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Certificate Authority: Setup Using Easy-RSA

Posted on April 29, 2018

It is highly advised that the Certificate Authority is always installed and placed on a different server than the publicly available service...

Certification Authority

Function of the Certificate Authority or Certification Authority (CA) can be provided by the Easy-RSA software (part of the OpenVPN project).

Installation of the Easy-RSA

Considering the Arch-based Artix Linux operating system, the easy-rsa package can be installed as follows (optionally, openvpn may be installed as well to provide list of supported algorithms):

$ pacman -S easy-rsa # optionally `openvpn`

The default configuration can be found using the easyrsa help command:

$ easyrsa help
...
DIRECTORY STATUS (commands would take effect on these locations)
  EASYRSA: /home/$USER
      PKI: /home/$USER/pki

The location of the default setup of configurable variables (i.e. the vars file) differs as per operating system. In Arch/Artix Linux, it can be found in:

$ less /etc/easy-rsa/vars # the location will differ as per OS used

Considering the OpenBSD operating system, the easy-rsa package can be installed as follows (optionally, openvpn):

$ pkg_add easy-rsa # optionally, `openvpn`

In OpenBSD, the directories of the Easy-RSA (version 3) need to be prepared as follows (e.g. into the /etc/openvpn/easy-rsa directory):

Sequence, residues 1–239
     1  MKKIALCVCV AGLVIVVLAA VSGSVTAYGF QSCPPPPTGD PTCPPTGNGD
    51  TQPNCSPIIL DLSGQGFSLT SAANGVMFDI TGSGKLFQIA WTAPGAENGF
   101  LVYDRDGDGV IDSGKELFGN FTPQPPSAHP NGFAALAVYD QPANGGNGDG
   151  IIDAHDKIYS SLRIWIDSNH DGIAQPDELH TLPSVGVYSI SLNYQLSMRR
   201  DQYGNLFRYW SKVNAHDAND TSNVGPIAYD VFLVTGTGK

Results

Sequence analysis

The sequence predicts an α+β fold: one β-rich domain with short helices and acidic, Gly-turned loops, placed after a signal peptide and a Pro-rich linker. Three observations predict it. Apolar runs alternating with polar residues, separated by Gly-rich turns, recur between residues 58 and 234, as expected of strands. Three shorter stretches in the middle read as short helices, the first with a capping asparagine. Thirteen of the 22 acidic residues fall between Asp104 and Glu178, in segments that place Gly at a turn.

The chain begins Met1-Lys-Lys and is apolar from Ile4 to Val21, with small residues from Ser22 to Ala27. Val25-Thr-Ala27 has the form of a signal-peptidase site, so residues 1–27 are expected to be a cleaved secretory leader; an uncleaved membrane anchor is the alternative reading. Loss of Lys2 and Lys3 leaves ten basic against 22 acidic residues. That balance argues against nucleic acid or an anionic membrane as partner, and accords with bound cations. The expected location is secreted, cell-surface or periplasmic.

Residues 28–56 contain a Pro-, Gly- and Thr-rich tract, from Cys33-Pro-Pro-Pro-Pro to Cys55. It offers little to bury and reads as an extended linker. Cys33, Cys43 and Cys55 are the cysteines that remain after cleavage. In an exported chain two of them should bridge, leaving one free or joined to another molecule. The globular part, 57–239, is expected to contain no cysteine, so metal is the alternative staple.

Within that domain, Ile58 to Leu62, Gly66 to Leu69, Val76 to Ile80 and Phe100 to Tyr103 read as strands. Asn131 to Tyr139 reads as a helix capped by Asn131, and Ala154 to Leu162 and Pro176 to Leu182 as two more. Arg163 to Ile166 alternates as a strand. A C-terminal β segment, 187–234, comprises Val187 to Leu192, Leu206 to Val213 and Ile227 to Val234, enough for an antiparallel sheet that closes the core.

$ install -m 700 -d /etc/openvpn/easy-rsa
$ cp -r /usr/local/share/easy-rsa/x509-types /etc/openvpn/easy-rsa

In OpenBSD, it is also necessary to copy the easyrsa binary into the appropriate directory (or to make it "always available" using the $PATH variable):

$ cp /usr/local/share/easy-rsa/easyrsa /etc/openvpn/easy-rsa

Configuration of the CA

The Easy-RSA searches for the configuration file in /etc/easy-rsa/ (Artix Linux) or /usr/local/share/easy-rsa (OpenBSD) directories. However, this can be easily changed to any desired directory (hereinafter referred to as the /PATH/TO/Easy-RSA/ROOT/ directory). The default vars setup can be used as a reference to optimally configure the default CA setup. Anyway, the following works great:

$ cd /PATH/TO/Easy-RSA/ROOT/
$ vi ./vars
### the default system directory
set_var EASYRSA                "/etc/easy-rsa/" # or wherever the x509-types
### the soon-to-be-created key directory
set_var EASYRSA_PKI            "$PWD/ca.domain.tld" # default: pki
### X509 Distinguished Name (DN) mode (organisational or Common Name only)
set_var EASYRSA_DN             "cn_only"   # default: cn_only ("org" mode alt.)
### only valid for the "org" mode
#set_var EASYRSA_REQ_COUNTRY    "COUNTRY-CODE"
#set_var EASYRSA_REQ_PROVINCE   "PROVINCE"
#set_var EASYRSA_REQ_CITY       "CITY"
#set_var EASYRSA_REQ_ORG        "domain.tld"
#set_var EASYRSA_REQ_EMAIL      "admin@domain.tld"
#set_var EASYRSA_REQ_OU         "ORGANISATIONAL-UNIT"
### crypto mode
set_var EASYRSA_ALGO           rsa         # default: rsa
### Diffie-Hellman key size